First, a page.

1. Put down the tar paper, or some other kind of underlayment.
I used left overs in the garage from building my dad's big house which turned out to be 90% sticky, special stuff similar to Grace Ice and Water Shield, and 10% #30 roofing felt.
2. Attach drip edge.
I used galvanized L flashing that was 1.5" x 1.5" and attached it with roofing nails to every part of the roof that water would run off of. Nailing a strip of 10ft. flashing sounds easy enough, right? Well John and I had a heck of a time keeping it from bubbling, kinking, and just keeping it straight in general. Tis the nature of thin metal, so be prepared.
3. Put the tin on.
This part isn't to terribly complicated. It's easy and goes by pretty fast. That being said, it still took longer than I thought because it's tough to work on a slippery, 45º pitch. It's kinda a two person job. Make sure you have foam closure strips for the ends of the roof so bugs don't get in there. Also make sure you have something to cut the tin with. I ended up using a grinder with a cutoff wheel and that worked really well.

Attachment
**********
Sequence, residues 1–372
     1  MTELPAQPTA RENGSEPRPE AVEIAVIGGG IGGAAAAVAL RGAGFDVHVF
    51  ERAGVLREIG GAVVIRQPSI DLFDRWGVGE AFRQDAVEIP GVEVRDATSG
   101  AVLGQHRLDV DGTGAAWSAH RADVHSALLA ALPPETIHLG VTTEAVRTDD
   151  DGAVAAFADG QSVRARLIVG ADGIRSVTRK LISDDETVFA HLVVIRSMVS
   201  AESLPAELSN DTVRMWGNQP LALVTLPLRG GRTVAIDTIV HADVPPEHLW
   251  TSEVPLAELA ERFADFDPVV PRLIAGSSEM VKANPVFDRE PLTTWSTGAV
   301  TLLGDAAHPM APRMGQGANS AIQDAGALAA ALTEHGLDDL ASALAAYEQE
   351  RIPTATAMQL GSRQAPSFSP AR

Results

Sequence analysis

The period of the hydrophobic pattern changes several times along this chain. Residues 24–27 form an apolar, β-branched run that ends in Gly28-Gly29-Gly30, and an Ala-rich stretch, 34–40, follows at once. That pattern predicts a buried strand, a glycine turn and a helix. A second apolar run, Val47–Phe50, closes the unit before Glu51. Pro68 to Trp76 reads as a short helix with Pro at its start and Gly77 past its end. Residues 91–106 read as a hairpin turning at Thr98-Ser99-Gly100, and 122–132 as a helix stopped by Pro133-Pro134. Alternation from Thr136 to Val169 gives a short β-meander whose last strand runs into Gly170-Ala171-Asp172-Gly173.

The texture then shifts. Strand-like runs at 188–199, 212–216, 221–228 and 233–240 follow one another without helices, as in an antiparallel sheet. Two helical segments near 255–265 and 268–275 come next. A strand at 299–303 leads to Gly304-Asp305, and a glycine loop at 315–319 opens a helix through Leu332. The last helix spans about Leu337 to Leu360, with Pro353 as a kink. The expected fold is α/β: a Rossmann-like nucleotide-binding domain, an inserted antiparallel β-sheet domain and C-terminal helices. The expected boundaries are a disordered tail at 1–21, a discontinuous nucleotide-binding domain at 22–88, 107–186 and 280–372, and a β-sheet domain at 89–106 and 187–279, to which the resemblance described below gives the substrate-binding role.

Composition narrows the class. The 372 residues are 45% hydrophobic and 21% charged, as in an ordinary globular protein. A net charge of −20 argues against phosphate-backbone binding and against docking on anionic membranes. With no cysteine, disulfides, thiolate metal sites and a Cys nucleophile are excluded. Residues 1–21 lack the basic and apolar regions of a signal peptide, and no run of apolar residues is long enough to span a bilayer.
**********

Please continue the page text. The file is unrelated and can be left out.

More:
4. Ridge Cap
Instead of using the dedicated ridge cap Home Depot sells, I ended up using two pieces of 4"x4" flashing, just like the drip edge only larger. It was a lot cheaper and had the look I was going for.
And that's it. If you're looking for more techenical information, like exactly what kind of screws or metal roofing I used, you can check out my spreadsheet under the Budgeting Resources page.